It can be argued that due to the lack of scientific backing of many alternative treatment methods, it is useless to integrate them into a conventional medical practice. For example, many could see an energy healing component to a holistic healing practice as mere charlatanism, an attempt to squeeze out more money for ineffective treatment methods. Some argue that the claims of energy healers are so outrageous, even a child has the ability to prove it a hoax.
However, it could be argued combining placebo effects with clinically tested medicine may offer immediate help for some patients. Placebos are far from useless if the patient believes in them. If the patient does not elect to abandon scientifically backed methods, there is no harm in taking a multi-faceted view to health.
There doesn’t need to be a scientific study to show that people want to feel that they are being cared for. With holistic healing’s focus on love and the patient themselves, it may prove to be advantageous for many. Also, because there is a particular concern with preventative measures such as living a generally healthy lifestyle with a balanced diet and regular exercise, it is hard to criticize their methods as being outrageous, despite the fact that a lot of pseudoscience gets tied in with holistic medicine. It may be time for western medicine to embrace holistic healing ideology into its tool belt.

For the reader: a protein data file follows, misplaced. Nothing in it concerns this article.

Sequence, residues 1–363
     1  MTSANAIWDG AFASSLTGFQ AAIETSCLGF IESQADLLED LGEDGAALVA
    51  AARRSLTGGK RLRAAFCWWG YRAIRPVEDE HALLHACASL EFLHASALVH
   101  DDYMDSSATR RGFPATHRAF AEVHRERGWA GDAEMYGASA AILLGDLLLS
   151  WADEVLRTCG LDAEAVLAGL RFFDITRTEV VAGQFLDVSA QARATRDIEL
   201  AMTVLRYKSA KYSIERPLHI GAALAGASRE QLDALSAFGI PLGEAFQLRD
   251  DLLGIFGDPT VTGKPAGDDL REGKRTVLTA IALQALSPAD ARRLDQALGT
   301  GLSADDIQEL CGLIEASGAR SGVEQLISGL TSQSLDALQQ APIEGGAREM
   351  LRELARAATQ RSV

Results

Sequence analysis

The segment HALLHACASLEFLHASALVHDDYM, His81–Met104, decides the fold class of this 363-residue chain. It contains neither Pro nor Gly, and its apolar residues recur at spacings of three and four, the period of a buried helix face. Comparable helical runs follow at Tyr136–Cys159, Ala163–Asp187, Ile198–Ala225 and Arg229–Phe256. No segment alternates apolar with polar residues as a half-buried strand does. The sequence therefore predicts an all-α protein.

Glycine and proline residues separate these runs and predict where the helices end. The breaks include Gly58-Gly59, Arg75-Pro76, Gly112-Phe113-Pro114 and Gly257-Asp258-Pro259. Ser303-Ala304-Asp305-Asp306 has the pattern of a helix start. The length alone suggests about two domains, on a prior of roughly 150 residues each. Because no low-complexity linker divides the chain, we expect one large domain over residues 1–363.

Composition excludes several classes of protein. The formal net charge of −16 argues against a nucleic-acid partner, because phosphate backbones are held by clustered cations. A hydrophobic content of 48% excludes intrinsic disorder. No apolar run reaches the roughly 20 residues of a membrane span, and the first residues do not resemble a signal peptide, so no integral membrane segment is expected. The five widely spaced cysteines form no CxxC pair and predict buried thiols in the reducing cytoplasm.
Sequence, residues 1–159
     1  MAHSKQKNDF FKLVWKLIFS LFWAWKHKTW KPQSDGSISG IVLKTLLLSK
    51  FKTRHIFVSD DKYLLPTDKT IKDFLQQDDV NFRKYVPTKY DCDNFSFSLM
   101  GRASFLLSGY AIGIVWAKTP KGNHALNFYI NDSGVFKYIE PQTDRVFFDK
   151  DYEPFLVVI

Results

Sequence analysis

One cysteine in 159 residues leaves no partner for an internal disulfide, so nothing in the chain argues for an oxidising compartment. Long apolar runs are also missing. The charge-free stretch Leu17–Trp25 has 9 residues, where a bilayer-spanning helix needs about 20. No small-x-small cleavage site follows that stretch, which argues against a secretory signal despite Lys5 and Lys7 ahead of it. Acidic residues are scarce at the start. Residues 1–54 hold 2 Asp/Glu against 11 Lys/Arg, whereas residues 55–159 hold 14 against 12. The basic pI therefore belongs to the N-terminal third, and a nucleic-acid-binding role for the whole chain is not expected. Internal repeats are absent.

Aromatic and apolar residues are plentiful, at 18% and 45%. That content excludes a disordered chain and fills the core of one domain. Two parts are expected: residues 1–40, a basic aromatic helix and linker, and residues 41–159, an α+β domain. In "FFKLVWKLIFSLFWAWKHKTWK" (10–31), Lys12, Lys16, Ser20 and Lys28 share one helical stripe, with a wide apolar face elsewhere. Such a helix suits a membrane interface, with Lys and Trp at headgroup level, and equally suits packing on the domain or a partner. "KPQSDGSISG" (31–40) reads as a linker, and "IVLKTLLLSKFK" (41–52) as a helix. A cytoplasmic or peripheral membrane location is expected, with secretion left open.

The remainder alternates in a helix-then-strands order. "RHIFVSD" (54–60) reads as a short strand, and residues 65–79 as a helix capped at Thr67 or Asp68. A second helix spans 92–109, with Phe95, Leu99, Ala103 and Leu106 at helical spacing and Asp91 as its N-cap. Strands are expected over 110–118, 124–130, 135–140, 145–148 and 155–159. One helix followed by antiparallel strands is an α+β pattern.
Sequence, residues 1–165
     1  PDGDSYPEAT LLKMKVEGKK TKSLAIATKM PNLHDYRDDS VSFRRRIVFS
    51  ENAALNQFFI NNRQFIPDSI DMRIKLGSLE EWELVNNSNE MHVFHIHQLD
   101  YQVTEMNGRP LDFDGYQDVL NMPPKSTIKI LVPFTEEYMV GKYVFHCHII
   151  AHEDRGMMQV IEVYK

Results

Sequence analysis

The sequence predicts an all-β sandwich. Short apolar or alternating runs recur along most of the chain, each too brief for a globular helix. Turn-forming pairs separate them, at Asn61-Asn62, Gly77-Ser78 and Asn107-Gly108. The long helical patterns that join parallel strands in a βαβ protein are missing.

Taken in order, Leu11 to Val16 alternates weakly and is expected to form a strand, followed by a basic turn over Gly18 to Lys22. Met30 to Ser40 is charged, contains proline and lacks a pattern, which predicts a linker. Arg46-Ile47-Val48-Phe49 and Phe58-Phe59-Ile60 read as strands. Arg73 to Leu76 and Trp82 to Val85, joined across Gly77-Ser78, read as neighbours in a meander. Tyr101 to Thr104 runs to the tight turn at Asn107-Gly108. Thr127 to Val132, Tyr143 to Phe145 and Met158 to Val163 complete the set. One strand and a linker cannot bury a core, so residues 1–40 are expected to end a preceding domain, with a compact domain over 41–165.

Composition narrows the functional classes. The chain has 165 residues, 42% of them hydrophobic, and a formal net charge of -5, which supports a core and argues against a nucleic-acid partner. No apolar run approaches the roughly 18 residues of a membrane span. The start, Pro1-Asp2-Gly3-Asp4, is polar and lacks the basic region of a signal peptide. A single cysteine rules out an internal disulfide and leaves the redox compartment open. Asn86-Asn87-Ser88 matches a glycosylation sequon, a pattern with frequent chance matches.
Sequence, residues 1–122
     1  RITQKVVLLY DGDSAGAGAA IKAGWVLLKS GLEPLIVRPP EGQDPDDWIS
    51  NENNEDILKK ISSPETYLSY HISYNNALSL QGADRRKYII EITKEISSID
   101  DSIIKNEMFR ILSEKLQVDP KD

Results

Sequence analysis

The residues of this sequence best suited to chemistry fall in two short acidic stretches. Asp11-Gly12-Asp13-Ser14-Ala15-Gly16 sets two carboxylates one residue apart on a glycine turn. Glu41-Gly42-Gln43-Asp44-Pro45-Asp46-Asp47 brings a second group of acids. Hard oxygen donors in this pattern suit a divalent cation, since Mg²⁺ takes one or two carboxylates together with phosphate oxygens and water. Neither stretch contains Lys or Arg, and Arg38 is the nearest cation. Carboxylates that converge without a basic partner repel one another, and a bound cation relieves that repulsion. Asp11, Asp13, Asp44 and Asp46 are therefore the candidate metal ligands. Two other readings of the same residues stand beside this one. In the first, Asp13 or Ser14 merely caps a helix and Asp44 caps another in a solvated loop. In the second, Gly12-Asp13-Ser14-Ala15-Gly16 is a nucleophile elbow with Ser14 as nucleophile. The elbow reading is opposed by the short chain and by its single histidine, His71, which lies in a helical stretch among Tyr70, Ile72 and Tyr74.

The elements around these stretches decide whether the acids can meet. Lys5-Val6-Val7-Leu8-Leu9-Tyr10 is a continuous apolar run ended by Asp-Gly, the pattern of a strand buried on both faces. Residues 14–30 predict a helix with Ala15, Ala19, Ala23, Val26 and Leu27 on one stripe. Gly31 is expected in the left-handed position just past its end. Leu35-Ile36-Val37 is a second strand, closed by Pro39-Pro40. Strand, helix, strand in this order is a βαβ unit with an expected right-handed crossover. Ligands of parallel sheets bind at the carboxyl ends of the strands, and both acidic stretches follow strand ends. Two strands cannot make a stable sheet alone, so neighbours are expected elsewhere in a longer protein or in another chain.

10 Sources +
Egely Wheel has strict sourcing guidelines and relies on peer-reviewed studies, academic research institutions, and medical associations. We avoid using tertiary references.
- What is Holistic Healing? – http://www.kinesiologysa.com/
- Needs and subjective well-being around the world. – https://doi.apa.org/
- A theory of human motivation. – https://doi.apa.org/
- A Comprehensive Review of the Placebo Effect: Recent Advances and Current Thought – https://www.annualreviews.org/
- Connecting the Dots Between Physical and Emotional Health – https://www.everydayhealth.com/
- Holistic Healing: Six Steps to Holistic Health – https://www.healthyhildegard.com/
- A Child’s Paper Poses a Medical Challenge – https://www.nytimes.com/
- How Stress Affects the Immune System – https://www.psychologytoday.com/
- Holistic Healing Vs. Alternative Medicine – https://www.thoughtco.com/
- Can Crystals Heal? Separating Facets from Facts – https://www.webmd.com/